27th November, 2020


Homily for the 26th Sunday in Ordinary Time

My boy, you go and work in the vineyard today

We have just heard another parable about the vineyard, which contains a message and a deep lesson for each of us. This time the heroes of Jesus’ story are two brothers who responded completely differently to their father’s request: “my boy you go and work in the vineyard”. Although we don’t know their names and ages, we can say quite a lot about them.

The first one seems to be a disobedient and very cold man because he rejected his father’s request from the very beginning. “I will not go,” – that was his simple and very short answer. But – as we heard – after a moment of thought he changed his mind and finally he did what he was asked to do. Probably at some point he realized that the vineyard will one day become his own and that actually he was going there to work for his own benefit and profit. Perhaps he realized that in fact he is going there to prepare for himself a happy and secure future.

The second son is certainly a man who can make a good impression on others, perhaps he can even charm others with his declarations. From the very beginning, he seemed to be a very obedient and loyal son, because – as we heard – he answered his father’s request without the slightest hesitation: “Certainly, sir.” Unfortunately, his actions did not confirm his beautiful declaration at all, and finally he turned out to be someone unreliable.

At the end of this parable, Jesus asks his listeners a simple question: Which of them did his father’s will? Probably none of us would have a problem answering this question. But I think Jesus wants each of us, considering the attitudes of these two sons, to ask ourselves a slightly different question: which of these two brothers is more like me?

Maybe sometimes we are more like the first son. Perhaps in our daily relationship with God we do something similar to what he did. Maybe we sometimes rebel against God and His commandments because we consider them useless or even harmful in our life. Perhaps sometimes we don’t realize that whenever we make an effort to go and work in our father’s vineyard, then we actually work for our own future and happiness. Maybe in our first reaction we rebel against his requirements expressed in the gospel and ten commandments, considering them a burden or something unnecessary in our life. Maybe sometimes we are cold and indifferent to God, but after a moment of reflection we come back to him because we realize that only he can give us real good and happiness.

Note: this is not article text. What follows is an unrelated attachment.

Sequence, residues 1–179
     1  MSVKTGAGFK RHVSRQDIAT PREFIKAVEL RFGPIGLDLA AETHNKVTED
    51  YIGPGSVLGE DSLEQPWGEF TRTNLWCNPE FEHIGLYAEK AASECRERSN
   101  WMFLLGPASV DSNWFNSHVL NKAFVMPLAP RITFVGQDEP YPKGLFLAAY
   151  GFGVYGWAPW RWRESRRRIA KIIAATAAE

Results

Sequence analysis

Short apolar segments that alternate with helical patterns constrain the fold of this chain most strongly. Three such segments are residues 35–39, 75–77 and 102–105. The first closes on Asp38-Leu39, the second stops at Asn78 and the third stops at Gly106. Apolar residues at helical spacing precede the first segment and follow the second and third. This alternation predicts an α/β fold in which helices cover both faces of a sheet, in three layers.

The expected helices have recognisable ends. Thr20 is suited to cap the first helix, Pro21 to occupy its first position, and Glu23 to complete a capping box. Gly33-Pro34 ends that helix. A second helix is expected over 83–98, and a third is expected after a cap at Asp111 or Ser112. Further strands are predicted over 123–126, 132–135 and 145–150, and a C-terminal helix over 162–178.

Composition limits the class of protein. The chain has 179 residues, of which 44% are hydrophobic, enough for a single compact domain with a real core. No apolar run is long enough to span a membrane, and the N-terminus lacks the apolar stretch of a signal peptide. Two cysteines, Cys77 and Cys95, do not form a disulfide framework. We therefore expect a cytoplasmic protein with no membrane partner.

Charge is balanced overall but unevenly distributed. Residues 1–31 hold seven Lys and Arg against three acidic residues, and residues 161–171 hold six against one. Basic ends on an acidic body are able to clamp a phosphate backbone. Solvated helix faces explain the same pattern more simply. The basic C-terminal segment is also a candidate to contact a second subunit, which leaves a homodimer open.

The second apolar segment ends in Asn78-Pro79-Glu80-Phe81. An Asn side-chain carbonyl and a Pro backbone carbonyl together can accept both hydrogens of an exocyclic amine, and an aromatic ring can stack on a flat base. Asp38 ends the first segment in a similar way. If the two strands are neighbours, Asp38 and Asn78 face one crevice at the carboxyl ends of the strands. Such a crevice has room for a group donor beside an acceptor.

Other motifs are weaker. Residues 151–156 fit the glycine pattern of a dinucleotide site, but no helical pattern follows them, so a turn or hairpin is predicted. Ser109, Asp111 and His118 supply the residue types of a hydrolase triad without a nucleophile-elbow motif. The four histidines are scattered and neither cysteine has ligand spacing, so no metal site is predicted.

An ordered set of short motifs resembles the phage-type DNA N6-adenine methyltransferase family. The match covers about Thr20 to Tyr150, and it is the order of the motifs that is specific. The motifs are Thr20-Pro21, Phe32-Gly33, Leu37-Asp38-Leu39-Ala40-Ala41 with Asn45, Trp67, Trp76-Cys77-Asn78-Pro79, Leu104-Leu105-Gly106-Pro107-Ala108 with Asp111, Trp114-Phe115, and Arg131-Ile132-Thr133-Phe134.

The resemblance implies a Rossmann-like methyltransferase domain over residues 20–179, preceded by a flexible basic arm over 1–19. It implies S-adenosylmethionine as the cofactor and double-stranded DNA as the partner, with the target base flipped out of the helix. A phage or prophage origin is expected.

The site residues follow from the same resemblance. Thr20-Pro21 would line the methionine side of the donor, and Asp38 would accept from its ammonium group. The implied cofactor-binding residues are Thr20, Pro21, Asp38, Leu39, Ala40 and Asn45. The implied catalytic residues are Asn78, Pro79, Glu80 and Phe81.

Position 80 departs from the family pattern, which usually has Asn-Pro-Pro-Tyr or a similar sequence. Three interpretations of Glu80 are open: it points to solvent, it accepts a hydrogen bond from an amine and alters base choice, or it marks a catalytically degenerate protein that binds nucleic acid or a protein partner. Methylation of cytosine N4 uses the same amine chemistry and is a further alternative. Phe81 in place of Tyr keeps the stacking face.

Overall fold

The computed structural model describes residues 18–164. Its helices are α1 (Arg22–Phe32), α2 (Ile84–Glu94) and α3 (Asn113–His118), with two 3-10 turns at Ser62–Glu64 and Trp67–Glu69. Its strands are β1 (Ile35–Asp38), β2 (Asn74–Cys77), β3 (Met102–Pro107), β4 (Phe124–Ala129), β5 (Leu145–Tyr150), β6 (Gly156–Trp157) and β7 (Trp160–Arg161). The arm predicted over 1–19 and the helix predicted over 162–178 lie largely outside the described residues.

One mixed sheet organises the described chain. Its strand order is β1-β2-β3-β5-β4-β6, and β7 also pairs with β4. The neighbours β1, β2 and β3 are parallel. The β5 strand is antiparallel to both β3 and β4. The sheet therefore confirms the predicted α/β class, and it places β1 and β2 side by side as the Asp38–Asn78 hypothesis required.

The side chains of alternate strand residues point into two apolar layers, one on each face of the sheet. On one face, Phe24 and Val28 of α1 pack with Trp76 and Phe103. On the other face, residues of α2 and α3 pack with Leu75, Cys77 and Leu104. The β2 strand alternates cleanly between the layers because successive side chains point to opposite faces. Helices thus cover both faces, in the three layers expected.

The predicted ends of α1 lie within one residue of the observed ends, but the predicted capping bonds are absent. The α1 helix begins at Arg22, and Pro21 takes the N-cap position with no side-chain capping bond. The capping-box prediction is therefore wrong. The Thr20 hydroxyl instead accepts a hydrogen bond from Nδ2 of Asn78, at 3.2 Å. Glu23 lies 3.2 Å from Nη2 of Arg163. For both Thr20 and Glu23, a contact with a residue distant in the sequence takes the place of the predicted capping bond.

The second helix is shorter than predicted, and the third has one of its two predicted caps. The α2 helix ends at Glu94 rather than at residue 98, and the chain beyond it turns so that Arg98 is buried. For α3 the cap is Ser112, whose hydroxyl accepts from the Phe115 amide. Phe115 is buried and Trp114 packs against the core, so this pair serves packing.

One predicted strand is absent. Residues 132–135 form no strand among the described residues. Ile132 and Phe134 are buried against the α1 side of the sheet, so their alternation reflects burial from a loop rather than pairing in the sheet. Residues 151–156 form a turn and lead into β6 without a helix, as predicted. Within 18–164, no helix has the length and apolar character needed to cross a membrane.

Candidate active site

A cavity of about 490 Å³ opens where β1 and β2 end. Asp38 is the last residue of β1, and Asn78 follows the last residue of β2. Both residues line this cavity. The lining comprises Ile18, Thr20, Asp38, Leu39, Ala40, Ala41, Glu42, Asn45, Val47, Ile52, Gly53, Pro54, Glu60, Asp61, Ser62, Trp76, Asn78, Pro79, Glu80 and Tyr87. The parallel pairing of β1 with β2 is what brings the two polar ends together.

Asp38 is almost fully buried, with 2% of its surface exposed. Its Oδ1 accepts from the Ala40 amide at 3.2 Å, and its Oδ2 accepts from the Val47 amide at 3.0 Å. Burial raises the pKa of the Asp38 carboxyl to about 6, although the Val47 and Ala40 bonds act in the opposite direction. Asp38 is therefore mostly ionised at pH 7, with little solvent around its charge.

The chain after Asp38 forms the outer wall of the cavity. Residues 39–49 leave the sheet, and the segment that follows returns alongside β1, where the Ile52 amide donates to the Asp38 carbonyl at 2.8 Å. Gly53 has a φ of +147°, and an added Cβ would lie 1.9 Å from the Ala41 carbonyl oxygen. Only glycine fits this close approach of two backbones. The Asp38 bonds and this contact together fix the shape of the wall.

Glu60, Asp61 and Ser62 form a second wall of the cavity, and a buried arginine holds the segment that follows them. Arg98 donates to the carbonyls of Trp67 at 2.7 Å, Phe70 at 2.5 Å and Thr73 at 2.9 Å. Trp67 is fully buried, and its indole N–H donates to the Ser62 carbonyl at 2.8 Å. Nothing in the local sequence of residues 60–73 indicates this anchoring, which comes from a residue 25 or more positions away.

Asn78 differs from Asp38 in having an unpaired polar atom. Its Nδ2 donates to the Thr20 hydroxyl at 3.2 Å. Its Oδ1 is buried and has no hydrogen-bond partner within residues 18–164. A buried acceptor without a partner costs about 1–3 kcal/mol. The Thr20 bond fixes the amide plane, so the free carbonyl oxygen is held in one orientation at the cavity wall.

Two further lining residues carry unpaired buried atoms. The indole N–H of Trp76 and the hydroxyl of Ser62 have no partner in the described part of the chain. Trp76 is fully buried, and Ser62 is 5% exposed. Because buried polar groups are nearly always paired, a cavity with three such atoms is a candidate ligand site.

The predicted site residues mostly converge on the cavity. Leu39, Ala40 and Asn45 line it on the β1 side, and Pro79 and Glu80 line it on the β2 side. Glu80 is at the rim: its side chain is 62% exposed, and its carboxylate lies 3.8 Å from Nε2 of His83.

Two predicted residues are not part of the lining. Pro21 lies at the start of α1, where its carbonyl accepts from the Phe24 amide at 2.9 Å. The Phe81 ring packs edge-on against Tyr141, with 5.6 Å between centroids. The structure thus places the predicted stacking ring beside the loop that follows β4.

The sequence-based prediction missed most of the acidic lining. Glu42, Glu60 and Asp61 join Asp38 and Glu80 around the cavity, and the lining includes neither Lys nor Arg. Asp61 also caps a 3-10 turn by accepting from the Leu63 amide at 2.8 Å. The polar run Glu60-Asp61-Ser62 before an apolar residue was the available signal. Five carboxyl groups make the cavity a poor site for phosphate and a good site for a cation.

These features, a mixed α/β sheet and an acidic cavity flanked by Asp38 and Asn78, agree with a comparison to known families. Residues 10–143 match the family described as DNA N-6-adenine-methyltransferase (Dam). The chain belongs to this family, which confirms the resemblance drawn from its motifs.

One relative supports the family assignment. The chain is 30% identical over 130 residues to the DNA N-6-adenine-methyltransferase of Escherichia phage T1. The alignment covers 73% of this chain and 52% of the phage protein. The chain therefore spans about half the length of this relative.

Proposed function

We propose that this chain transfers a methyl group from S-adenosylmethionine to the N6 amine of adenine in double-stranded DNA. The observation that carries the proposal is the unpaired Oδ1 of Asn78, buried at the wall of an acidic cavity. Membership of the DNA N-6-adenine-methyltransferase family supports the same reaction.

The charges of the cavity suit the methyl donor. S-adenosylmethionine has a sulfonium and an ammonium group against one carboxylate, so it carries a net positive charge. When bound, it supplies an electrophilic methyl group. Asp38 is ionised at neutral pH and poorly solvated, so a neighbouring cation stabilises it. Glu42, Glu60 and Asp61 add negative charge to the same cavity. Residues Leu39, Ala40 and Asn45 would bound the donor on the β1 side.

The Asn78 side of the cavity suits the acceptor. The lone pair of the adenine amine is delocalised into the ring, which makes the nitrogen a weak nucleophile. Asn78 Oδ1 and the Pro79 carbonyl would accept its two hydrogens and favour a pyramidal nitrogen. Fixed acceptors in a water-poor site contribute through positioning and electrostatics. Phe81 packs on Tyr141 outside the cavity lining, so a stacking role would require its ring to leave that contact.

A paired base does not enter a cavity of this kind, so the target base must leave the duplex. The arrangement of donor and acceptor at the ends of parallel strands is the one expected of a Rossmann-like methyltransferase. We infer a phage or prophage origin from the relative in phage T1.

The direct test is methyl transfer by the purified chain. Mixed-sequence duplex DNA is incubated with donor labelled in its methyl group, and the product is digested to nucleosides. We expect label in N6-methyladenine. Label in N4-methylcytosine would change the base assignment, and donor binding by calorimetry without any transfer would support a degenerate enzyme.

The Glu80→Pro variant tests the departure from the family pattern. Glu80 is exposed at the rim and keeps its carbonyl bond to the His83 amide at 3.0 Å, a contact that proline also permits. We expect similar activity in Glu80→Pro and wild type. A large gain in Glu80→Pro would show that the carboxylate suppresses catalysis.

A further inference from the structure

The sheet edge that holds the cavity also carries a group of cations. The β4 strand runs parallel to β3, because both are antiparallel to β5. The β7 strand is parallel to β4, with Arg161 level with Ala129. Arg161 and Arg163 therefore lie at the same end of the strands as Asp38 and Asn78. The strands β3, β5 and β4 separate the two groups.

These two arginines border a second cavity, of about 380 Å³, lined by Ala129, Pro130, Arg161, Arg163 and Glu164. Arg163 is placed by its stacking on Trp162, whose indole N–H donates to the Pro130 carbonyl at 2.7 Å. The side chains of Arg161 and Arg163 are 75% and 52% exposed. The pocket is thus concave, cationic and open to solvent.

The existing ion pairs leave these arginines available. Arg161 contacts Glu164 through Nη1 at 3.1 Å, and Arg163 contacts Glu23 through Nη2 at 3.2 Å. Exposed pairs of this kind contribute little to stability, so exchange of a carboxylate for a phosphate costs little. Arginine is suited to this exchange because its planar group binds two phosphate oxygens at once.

Looking at the attitude of the second brother, we can ask ourselves: Is my relationship with God limited only to beautiful words, declarations, and promises? Do I remember and keep so many promises that I made to God or to others on my wedding day, my child’s baptism, or as a priest on my ordination day? Do I try to overcome my laziness and pessimism?

At the end of this gospel, Jesus spoke very strong and provocatively words that – most likely – have hurt many of his listeners. We can only try to imagine how offended we would feel if someone told us something similar: “Tax collectors and prostitutes are making their way into the kingdom of God before you”. But I am convinced that by saying this particular sentence, Jesus did not intend to offend or humiliate anyone, but he wants to encourage us not to let our faith be only something external, something we show or declare only in words, as the chief priests and the elders of the people used to do. He wants our faith to be something alive and reliable. Jesus wants our faith to be expressed through our concrete decisions, actions and conversion, as has happened in the lives of many sinners, tax collectors and prostitutes.

I think if there was a third son in this parable, he would be perfect. I think he would immediately reply to his father, “Certainly sir” and he would certainly do what he promised. But, as we heard in this parable, there is no third son who is perfect. Jesus did not talk about someone like that. Why? Because there are no perfect people in the world who do not make any mistakes. Each of us has moments of hesitation, doubts, or simply laziness, but today Jesus wants to tell us something very optimistic: It doesn’t matter what your life has been up to now, what you have been doing and what your profession has been. It doesn’t matter how many sins you have committed and how much you have offended God in your life. Today God is giving you time to change your life once again and he invites you once again: My boy, my girl, go and work in the vineyard. Go and work for me and for my kingdom, which is your future and eternal happiness, and which one day will be your reward and heritage.